Monday, October 24, 2005

EDUCAUSE review editorial scolds librarians

The editor of EDUCAUSE review, Paul Gandel, has published a short but severe scolding to librarians for not getting with it. Says the commercial front is going to overwhelm us and we will disappear off the face of the earth. Or something like that.

In some ways this guy is just another Chicken Little, but he is pointing out some of the issues we need to be thinking about. And some of them are larger than just the library world.

I'll stop here and put my ranting in a comment so that you can skip on to the next item in your overly busy day.

2 comments:

Bea said...

Thanks for mentioning this one...he makes several excellent points. In my position at a small college, I need to be concerned that unsophisticated folks (names shall not be mentioned) may make decisions without weighing things carefully. E.g. the UT Austin decision to remove its UG library sounds radical if one doesn't know the history of how undergrad libraries came to be in the first place. Like the character in 9 to 5 played by Jane Fonda, I keep thinking "Don't panic!". We need some very thoughtful and articulate librarians to respond to pieces like this, IMHO.

Susan said...

I think the article raises some valid points. We should be thinking about the future of libraries. We shoud be, and I think are, concerned with the information needs of patrons. We should be watching Google to see what they are doing...but I think it would be foolish to try to compete with them. Non-profit vs. wealthy company. Hmmm.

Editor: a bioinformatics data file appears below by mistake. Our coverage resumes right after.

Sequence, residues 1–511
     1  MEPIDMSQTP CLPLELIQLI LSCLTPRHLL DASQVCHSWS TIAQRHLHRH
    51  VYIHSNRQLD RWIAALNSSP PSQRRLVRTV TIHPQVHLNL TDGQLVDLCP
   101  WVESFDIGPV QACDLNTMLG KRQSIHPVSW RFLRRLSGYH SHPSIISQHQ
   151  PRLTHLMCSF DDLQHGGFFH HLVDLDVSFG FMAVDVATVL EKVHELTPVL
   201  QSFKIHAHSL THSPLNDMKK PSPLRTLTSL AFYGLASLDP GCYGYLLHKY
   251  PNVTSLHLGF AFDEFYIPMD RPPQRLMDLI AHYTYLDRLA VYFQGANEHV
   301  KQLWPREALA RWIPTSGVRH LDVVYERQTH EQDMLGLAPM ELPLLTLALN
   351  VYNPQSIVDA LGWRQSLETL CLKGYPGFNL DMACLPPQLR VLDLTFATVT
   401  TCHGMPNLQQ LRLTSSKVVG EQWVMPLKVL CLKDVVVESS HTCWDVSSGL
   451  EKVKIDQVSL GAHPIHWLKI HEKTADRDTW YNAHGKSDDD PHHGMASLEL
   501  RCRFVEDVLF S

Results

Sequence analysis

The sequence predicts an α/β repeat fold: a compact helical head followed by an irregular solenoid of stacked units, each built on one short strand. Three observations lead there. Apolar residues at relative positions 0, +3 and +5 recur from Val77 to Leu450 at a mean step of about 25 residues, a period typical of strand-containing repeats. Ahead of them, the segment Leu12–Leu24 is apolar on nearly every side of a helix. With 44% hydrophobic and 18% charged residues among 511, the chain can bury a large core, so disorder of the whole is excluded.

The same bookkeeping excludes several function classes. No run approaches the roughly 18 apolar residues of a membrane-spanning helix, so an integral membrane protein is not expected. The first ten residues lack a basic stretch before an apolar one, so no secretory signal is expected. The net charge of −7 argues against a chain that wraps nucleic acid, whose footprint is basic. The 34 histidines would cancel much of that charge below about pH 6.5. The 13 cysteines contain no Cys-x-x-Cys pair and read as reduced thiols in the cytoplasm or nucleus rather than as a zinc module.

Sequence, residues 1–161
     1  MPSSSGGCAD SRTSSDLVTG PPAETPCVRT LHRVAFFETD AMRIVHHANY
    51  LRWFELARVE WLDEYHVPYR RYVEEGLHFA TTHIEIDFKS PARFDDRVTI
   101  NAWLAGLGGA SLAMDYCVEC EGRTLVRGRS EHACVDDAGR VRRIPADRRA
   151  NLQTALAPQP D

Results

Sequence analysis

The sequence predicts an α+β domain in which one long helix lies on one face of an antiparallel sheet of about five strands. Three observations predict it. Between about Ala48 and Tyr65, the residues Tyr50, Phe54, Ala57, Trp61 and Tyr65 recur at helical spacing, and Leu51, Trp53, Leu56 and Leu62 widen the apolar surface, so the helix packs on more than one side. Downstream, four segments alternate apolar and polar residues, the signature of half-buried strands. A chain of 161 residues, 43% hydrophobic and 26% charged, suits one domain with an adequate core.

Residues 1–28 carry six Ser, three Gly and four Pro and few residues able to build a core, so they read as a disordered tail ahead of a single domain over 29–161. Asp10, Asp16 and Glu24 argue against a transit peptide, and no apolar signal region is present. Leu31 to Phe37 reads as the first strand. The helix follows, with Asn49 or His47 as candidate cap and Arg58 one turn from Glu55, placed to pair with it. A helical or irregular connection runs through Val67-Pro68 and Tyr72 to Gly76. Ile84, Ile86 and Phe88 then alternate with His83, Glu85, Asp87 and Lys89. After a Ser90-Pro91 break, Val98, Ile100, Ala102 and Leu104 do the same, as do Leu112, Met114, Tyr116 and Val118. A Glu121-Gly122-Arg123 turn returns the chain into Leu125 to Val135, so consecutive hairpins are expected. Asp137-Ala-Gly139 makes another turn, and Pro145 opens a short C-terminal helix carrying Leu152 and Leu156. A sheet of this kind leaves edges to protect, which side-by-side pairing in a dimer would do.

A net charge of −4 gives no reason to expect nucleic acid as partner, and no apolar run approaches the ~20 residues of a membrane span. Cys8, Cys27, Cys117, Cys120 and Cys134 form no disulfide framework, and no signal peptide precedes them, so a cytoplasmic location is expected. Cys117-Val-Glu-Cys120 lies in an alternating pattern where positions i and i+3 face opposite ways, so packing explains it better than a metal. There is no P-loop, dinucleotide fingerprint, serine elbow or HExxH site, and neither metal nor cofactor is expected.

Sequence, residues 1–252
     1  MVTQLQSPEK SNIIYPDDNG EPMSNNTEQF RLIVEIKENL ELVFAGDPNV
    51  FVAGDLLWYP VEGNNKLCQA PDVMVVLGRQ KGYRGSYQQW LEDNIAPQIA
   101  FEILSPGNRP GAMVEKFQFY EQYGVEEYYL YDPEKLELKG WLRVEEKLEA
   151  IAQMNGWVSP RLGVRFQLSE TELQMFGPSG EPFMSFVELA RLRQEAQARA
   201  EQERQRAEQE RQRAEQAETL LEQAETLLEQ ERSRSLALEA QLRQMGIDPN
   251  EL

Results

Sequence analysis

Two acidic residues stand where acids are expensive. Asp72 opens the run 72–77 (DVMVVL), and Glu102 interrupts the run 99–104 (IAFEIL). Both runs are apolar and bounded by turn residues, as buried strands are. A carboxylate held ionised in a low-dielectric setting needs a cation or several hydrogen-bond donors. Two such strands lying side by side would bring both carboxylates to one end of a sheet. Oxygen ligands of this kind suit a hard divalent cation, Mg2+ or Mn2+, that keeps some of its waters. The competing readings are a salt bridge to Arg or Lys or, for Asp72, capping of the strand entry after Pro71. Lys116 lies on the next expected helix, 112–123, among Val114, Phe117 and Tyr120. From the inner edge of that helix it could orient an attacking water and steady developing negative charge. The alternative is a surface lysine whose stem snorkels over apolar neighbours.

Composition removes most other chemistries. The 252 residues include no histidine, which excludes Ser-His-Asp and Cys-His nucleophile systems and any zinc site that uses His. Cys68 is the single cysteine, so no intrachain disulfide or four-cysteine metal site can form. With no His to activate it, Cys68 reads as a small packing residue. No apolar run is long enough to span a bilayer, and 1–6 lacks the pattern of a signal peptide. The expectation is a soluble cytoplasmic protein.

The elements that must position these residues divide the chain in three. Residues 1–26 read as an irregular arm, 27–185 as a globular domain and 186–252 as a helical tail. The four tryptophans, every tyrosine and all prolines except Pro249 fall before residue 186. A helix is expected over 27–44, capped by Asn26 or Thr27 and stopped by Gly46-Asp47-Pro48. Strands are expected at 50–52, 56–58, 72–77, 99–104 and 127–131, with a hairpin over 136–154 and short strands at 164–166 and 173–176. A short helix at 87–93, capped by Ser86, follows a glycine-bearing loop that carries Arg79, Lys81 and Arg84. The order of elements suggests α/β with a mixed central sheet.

Here's what is key, imho. My understanding is that Google is built on a search algorithm that pulls up the most linked to web pages to the top of a list. This is based on the premise that people will link to the best pages. Obviously this has flaws (think splogs).

Libraries shape collections. Build them up, grow them, weed them. We think about preservation. How has Google done that? Once they scan all those works what are they going to do to migrate them to the platform that supercedes the Internet (it could happen)? Who's jumping on Google for not thinking about that? What does Google care for making information accessible to all people in a society? Think public library, think federal depository.

Let's consider the empty library. It would consist of aggregated databases and webpages. This is not a library. Not a real collection. It's a souped up computer lab with packages you can buy.

I think the UT article was a terrible one for most college libraries across the country. We can't afford to empty our libraries out into other libraries like UT did. We can't afford to not have our future nurses accessing anatomy books, to not have our law students learning how to conduct legal research.

There is a such a thing as a sexy, hot idea that is fun to work with (like institutional repository, open access, or SFX or whatever it is at the moment) but you don't disembowel your library and replace it with an empty room.

Getting rid of your library is the first step to getting rid of your librarians. If an institution is ready to do that, they should replace their accountants with calculators on every desk and see how that flies with the auditors.

Okay, I'll get off my rant now.